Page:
Lauren Barron

Season 4 - Episode 405

January 29, 2021

Lauren Barron
Lauren Barron

Baylor’s pioneering Medical Humanities program shapes medical practitioners who treat patients as a whole person as they care for them. Last fall, the DeBakey Medical Foundation made a significant investment in Baylor Medical Humanities that will grow the department and formed a chair position. In this Baylor Connections, Dr. Lauren Barren, the inaugural DeBakey Chair of Medical Humanities, shares how the program partners the humanities with science education to holistically prepare those going into the medical field.

Transcript

Derek Smith:

Hello, and welcome to Baylor Connections, a conversation series with the people shaping our future. Each week, we go in depth with Baylor leaders, professors, and more, discussing important topics in higher education, research, and student life. I'm Derek Smith, and our guest today is Dr. Lauren Barron, a medical doctor and Baylor professor. Dr. Barron serves as the inaugural Michael E. DeBakey, MD, Selma DeBakey, and Lois DeBakey chair for medical humanities. A Baylor graduate, Dr. Barron returned Waco after medical school to serve at Waco's Family Health Center developing special interests in women's health and palliative care. She went on to join a private family practice and served as Medical Director for Hillcrest Community Hospice. Along the way she began teaching courses within Baylor's Medical Humanities, a program which encompasses a liberal arts education in connection with modern medical practice. With an interdisciplinary approach, Baylor Medical Humanities includes courses across a wide range, including literature, religion, philosophy, history, economics, and ethics. She transitioned to teaching at Baylor on a full-time basis while maintaining her medical practice through the family health center. And last fall was named as the DeBakey chair for medical humanities, which was established through Baylor's Give Light philanthropic campaign. You've been involved in a number of different important areas at Baylor and in this community. I know it's been a particularly busy and exciting stretch for you, Dr. Barron, and for Baylor Medical Humanities. And we thank you for coming on the program today to talk about that.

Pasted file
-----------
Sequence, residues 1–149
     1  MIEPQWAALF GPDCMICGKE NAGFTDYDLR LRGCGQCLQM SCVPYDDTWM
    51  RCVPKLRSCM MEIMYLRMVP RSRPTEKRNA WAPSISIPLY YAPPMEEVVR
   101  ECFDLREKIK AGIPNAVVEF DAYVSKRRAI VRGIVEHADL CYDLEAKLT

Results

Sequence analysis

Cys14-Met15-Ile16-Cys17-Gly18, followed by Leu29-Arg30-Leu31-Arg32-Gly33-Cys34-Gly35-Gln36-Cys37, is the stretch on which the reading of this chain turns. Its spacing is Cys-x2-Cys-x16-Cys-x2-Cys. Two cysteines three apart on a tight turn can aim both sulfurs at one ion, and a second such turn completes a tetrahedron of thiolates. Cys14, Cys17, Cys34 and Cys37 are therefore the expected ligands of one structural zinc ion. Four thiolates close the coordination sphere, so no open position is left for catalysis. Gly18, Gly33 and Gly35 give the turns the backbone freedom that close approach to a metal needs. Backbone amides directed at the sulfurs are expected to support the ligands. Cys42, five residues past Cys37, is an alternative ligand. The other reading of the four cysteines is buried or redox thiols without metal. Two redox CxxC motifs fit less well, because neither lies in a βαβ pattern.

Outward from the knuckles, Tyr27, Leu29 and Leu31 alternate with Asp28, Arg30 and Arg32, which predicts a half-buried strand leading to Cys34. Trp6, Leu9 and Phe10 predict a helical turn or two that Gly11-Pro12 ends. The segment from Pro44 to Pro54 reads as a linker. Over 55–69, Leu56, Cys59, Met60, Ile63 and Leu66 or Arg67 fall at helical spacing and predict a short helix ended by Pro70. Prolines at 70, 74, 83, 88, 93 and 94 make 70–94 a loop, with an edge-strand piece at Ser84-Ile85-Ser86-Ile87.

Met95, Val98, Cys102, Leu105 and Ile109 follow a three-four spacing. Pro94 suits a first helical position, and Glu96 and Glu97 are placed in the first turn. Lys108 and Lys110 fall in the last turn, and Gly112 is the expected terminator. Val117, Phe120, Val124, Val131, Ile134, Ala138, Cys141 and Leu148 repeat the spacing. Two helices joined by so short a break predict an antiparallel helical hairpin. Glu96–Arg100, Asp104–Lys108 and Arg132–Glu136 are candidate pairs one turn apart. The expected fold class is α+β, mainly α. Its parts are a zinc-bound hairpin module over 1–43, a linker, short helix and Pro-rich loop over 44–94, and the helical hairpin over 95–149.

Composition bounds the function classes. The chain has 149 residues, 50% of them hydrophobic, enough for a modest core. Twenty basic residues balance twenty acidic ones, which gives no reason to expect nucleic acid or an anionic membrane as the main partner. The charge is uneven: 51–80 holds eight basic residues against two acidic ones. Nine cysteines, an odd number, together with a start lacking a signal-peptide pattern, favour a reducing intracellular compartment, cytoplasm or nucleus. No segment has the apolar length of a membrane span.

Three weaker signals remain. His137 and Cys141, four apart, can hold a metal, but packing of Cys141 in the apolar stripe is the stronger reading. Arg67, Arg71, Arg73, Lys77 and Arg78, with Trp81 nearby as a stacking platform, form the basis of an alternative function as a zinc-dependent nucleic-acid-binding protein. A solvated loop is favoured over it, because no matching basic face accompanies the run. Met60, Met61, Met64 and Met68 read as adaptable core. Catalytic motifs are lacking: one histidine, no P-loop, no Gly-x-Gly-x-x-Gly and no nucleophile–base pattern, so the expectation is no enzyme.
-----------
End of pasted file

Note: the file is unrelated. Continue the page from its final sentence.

Lauren Barron:

Thank you. I'm delighted to be here.

Derek Smith: